As demand for EVs declines in the face of a faltering economy, automakers have slashed their costs for EVs during the past year. Before companies like Ford and Lucid followed Tesla’s lead and offered steep discounts, Rivian stayed unwavering. But now that the electric truck and SUV manufacturer has cut $3,100 off the base models in anticipation of the release of its more affordable R2, Rivian’s prices are finally starting to budge.
According to the price cuts, the R1T and R1S with 270-mile ranges are the least expensive, starting at $74,800 and $79,800 delivered, respectively. These vehicles now have starting pricing of $71,700 and $76,700, respectively, while Rivian has added new trims with a 315-mile range at the previous base prices. Both are still qualified for federal tax credits of $3,750 or $7,500 for leases.
Automakers are responding to the decline in demand for EVs, which is causing a price war. Some automakers believe this is due to a decrease in demand, while others think it’s a plateau or that there is no demand issue. Regardless, automakers are being forced to explore less expensive EVs. For example, Ford has established a “skunkworks” to compete with Chinese EVs, which even Tesla CEO Elon Musk thinks may “demolish” the Western auto industry. Musk had previously stated that a $25,000 EV would hit the market by 2023, but the EV maker is also developing a cheaper EV, soon to debut.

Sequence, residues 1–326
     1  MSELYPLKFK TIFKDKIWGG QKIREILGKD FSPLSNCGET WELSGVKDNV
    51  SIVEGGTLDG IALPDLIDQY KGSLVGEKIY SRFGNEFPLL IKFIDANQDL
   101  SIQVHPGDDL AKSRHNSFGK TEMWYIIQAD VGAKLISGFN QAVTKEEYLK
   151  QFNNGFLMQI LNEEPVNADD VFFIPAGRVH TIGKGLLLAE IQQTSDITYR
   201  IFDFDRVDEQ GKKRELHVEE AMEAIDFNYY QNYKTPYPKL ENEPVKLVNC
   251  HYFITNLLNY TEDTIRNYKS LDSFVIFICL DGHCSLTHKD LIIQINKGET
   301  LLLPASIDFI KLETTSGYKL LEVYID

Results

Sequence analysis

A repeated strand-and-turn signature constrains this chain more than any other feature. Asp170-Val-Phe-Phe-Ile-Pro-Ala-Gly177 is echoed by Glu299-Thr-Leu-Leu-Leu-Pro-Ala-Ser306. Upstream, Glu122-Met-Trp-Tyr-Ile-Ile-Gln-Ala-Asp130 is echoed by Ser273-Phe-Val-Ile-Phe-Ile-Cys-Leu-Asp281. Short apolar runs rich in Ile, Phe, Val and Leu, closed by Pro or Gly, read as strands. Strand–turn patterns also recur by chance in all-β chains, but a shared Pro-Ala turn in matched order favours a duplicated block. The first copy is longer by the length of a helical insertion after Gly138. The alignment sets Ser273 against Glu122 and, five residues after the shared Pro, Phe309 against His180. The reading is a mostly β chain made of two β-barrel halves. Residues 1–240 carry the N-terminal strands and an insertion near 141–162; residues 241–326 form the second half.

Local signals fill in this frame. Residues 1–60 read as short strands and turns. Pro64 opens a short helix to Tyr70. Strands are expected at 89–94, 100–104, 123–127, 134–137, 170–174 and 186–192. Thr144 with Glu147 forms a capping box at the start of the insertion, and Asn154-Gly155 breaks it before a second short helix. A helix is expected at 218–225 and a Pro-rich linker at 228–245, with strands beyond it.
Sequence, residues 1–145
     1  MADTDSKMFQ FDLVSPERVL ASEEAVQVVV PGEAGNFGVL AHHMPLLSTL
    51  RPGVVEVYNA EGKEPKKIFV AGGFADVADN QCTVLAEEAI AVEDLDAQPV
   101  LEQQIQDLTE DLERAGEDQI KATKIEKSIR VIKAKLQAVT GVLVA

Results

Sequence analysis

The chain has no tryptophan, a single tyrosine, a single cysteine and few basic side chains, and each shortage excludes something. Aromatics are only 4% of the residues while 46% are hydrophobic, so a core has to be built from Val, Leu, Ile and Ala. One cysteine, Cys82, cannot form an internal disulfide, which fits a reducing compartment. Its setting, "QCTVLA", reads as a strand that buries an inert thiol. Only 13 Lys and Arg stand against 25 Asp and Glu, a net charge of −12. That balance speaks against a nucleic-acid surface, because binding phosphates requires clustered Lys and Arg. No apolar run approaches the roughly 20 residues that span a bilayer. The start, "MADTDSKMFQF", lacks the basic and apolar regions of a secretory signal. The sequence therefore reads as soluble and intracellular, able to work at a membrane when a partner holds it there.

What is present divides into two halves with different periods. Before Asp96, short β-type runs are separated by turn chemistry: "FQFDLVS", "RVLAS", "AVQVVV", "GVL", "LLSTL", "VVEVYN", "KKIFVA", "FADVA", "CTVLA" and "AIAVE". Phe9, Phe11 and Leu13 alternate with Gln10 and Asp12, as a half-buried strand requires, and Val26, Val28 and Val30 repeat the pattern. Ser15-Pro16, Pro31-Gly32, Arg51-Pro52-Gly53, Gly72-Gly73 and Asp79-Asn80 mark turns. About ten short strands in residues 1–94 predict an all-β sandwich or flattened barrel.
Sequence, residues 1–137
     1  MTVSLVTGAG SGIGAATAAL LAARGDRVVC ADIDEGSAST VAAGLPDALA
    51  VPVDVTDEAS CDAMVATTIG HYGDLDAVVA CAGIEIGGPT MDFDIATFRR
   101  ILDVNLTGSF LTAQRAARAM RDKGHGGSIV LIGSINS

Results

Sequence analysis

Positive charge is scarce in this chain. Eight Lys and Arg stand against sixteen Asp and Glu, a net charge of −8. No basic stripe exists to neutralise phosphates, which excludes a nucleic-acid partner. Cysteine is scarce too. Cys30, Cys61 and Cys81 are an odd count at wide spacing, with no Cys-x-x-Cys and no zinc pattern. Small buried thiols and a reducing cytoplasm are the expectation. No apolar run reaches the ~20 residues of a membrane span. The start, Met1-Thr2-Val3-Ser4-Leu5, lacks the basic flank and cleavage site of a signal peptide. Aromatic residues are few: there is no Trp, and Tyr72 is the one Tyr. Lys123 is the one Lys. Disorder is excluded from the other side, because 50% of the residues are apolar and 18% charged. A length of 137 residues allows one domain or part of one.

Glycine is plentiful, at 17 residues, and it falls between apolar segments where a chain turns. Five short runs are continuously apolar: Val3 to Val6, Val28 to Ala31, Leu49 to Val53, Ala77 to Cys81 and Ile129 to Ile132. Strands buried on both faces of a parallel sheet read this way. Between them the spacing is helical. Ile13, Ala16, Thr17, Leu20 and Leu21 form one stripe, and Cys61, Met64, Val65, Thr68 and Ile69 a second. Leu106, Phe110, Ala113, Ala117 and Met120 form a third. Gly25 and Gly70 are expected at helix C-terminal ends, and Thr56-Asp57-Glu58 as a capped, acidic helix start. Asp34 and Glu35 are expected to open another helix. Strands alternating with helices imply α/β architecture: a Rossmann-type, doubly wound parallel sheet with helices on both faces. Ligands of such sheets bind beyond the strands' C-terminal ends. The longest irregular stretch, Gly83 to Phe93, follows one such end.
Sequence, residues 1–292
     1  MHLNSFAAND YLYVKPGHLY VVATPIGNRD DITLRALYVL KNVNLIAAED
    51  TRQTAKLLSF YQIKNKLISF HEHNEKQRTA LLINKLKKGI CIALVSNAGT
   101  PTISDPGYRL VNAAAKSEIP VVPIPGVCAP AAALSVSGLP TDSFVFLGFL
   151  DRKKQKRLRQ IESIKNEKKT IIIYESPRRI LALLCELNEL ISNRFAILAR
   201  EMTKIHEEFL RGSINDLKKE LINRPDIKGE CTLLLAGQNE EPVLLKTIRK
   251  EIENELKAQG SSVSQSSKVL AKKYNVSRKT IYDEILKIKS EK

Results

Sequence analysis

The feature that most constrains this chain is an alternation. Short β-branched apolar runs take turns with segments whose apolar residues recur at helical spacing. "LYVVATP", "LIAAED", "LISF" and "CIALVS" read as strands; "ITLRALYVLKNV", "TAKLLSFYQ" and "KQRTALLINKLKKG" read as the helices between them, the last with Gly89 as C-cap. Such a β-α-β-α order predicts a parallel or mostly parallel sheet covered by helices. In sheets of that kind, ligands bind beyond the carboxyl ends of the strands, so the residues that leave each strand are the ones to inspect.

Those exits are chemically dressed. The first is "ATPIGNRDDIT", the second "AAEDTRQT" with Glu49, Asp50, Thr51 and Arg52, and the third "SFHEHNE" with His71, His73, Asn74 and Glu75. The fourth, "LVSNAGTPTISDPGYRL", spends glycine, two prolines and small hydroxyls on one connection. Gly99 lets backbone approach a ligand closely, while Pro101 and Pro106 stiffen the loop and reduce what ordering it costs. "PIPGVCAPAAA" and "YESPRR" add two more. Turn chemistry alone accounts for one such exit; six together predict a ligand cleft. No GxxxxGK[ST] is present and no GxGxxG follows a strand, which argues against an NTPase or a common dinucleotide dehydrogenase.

Regarding Rivian, registration data indicates that deliveries roughly tripled in 2023; however, in the previous three months, both the R1T and R1S have been made eligible for lease. Rivian plans to make its vehicles more accessible to people with lower incomes by offering an affordable LFP battery, similar to the ones used in its vans. This feature is expected to be included in the upcoming R1 update, which will improve the vehicle’s efficiency and introduce a 1,000-horsepower “Ascent” model with the highest range.
And there’s the R2, which makes its premiere on March 7. It’s anticipated to be a more affordable, more compact SUV that will challenge the Tesla Model Y for market share. It will be the volume seller for Rivian, but most likely not until 2026. In the interim, the business will rely on sales of its R1 and more widely available commercial vans.